Back in 2008 before Midway went under, Ed Boon and his team created a fighting game cross over combining their stable of characters from the Mortal Kombat series and mighty heroes and villains from DC’s comic book pantheon. Mortal Kombat vs. DC Universe was met with mixed reviews but stood as a competent fighting game. Since then Midway has gone belly up, Ed Boon as his team formed a new studio called Nether Realm which would become owned by Warner Bros. with the MK license along with it. In 2011 Nether Realm studios rebooted their Mortal Kombat franchise with what many consider one of the best fighting games not only of this generation but one of the best fighting games period. Needless to say it’s a hard act to follow. Since 2012 Nether Realms has been hyping up its next big release, a fighting game using the DC Comics license to give their heroes and villains a game of their own. Does this brawler live up to the heroic hype or does fall flat?
It's been a while since I've written a review, but after playing Bioshock Infinite, I was inspired to get back into the spirit. Also, I want to assure you that this review will hold back from revealing any spoilers, so no worries.
Infinite is the third game in the series, but escapes the confines of Rapture and takes flight in the floating city of Columbia. You play the part of Booker DeWitt, who has been mysteriously transported to this seemingly perfect oasis of civilization in search of a girl. However, things are not always as they seem...
I've played through the first two Bioshock games. The first one was revolutionary, and the world of Rapture pulled me in hook, line, and sinker. Bioshock 2, to me, was more of the gameplay-focused title many games become, but finished with a strong second act. To be honest, I was tempted to dislike the new setting in Infinite because I had fallen so in love with Rapture. I managed to hold back the pessimism though, and went into the world of Columbia with an open mind, hoping that Irrational Games would deliver again. Not to spoil anything, but they definitely did.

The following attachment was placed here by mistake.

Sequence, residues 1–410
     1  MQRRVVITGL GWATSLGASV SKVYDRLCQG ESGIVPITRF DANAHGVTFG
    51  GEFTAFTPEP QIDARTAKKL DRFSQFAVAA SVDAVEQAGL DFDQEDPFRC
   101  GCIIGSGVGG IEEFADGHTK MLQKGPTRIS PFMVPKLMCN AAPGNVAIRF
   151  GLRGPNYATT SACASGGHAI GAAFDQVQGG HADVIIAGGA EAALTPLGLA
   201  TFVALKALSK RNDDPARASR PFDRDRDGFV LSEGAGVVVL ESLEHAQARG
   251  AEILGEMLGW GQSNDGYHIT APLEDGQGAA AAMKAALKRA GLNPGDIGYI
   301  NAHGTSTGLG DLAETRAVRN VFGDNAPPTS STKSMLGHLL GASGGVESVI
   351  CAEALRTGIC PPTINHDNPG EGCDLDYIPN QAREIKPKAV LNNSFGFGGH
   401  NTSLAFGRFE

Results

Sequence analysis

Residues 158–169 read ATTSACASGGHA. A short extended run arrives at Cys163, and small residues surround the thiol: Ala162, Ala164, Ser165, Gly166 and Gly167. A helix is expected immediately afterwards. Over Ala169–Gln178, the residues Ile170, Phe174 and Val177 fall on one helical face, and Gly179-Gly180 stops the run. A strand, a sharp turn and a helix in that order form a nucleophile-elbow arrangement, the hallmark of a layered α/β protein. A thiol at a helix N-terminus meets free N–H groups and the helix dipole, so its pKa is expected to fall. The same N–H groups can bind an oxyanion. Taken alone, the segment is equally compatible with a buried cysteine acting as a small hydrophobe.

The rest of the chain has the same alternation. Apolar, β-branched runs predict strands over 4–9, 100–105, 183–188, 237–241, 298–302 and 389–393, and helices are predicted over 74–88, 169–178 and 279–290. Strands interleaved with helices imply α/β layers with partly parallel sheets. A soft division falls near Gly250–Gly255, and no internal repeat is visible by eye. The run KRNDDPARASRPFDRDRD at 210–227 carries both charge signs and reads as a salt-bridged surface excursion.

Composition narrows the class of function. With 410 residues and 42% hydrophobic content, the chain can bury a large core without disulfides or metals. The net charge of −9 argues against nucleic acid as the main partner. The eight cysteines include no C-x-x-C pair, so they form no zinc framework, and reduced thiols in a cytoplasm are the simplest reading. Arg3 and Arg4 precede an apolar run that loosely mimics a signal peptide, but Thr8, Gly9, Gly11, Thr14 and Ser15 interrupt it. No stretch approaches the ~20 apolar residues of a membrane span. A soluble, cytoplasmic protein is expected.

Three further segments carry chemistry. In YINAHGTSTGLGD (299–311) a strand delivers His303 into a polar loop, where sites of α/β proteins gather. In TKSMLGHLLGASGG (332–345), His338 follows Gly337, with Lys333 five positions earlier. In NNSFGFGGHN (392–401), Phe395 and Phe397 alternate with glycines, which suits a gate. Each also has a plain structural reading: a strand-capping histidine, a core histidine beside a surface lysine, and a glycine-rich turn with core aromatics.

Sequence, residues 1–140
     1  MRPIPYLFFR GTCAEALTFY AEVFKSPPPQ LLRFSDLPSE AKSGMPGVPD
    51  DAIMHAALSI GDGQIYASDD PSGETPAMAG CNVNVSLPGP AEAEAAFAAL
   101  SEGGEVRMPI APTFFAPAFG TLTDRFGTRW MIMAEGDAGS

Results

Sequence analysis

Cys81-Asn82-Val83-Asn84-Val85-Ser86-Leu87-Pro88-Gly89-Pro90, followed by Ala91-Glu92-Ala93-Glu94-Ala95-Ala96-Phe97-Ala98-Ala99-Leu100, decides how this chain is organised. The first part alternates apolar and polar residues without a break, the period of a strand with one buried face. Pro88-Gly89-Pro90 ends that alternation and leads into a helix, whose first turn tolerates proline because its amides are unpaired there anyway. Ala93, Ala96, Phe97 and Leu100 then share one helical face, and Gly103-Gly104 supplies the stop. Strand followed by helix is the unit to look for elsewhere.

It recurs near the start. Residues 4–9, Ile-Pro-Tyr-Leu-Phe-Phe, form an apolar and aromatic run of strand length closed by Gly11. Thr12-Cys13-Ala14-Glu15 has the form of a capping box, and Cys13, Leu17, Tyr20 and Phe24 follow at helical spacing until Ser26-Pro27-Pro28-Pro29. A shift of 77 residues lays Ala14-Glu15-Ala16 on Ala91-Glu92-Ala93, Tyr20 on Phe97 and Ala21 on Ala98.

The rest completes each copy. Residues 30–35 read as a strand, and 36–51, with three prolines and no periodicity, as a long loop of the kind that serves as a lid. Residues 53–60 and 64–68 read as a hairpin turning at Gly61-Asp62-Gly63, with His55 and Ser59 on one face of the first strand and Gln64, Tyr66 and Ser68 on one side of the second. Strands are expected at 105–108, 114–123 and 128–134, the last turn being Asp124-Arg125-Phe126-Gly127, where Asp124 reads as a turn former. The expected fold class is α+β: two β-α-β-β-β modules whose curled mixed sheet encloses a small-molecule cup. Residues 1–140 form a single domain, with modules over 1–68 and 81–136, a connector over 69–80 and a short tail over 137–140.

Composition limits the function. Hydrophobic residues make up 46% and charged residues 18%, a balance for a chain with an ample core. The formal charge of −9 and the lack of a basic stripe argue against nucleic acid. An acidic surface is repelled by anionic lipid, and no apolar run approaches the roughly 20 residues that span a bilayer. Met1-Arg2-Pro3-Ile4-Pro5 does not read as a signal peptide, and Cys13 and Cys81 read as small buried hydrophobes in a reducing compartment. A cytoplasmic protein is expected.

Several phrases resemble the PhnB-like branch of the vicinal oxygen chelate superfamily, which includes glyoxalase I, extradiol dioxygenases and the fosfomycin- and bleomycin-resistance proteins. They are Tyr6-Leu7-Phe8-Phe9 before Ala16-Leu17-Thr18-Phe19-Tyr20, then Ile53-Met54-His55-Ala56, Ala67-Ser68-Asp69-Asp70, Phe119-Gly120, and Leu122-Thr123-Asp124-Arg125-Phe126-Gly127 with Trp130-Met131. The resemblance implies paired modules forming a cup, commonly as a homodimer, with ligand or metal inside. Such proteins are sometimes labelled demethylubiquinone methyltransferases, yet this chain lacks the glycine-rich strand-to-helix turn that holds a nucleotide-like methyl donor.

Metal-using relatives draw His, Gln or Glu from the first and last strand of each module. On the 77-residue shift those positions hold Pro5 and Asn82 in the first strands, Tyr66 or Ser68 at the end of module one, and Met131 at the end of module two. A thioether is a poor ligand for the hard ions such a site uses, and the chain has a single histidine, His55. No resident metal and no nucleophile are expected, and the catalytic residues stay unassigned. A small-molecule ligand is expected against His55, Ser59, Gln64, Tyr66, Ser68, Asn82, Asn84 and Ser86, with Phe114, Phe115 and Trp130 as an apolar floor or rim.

If you wish for Death, here he is!
Played on: Wii U
Also available on: PC, Xbox360, PS3
Developer: Vigil Games (Darksiders)
Played for: around 17 hours
Hello everyone and welcome to my new review! So, I was supposed to write this review last week, but due to some RL troubles keeping me back, well, I was unable to! So here I am now :P I enjoyed the first Darksiders game a lot and the thought of playing it on Wii U had me quite excited, as it was one of my most anticipated launch games for the console.
In this game, instead of playing as War, we change characters and play as Death, one of his brothers and one of the knights of the apocalypse. His goal is to find a way to prove that his brother isn't guilty of causing the extinction of humanity and will try to face both angels and demons to free his brother and bring back humanity, no matter how hard. Quite the good little brother, isn't he? :)
But let's delve deeper into this long-awaited sequel and see how Vigil Games fared in its last game before its unfortunate closure, as well as seeing what they cooked up for the Wii U users.
Castlevania Lords of Shadow: Mirror of Fate is the latest installment of MercurySteams retelling of Konami's well known series. Does it stack-up to its father console title and past castlevania titles? Read the rest of the review to find out in our latest installment of Dog House Reviews.
Castlevania LoS Mirror of Fate takes place in different timelines before and after lords of shadow. The prologue starts you off as Gabrielle before his adventure in lords of shadow, introducing you to the combat in the game. It ends with Gabrielle sealing away a Daemon with his variation of Blood Cross (so it looked since he painted a cross with his own blood after getting stabbed by the tail.) It also reveals that Gabrielle had a son by the name of Trevor, which was kept secret from him due to the Mirror of fate fortelling that it would endanger the World. Because of this, the Order of Light took him in in secrecy soon after birth right when Gabrielle's adventure started. The game then continues a ton of years later with Simon Belmont (skipping over Trevors tale) waking up from his recurring nightmares of when his mother died to protect him as a child before being raised by mountain folk and vowing revenge against the Dragon Dracul aka Dracula*.
*Fun Fact: Gabrielle called himself Dracul, which meant dragon in old Romanian, instead of Dracula or his human name.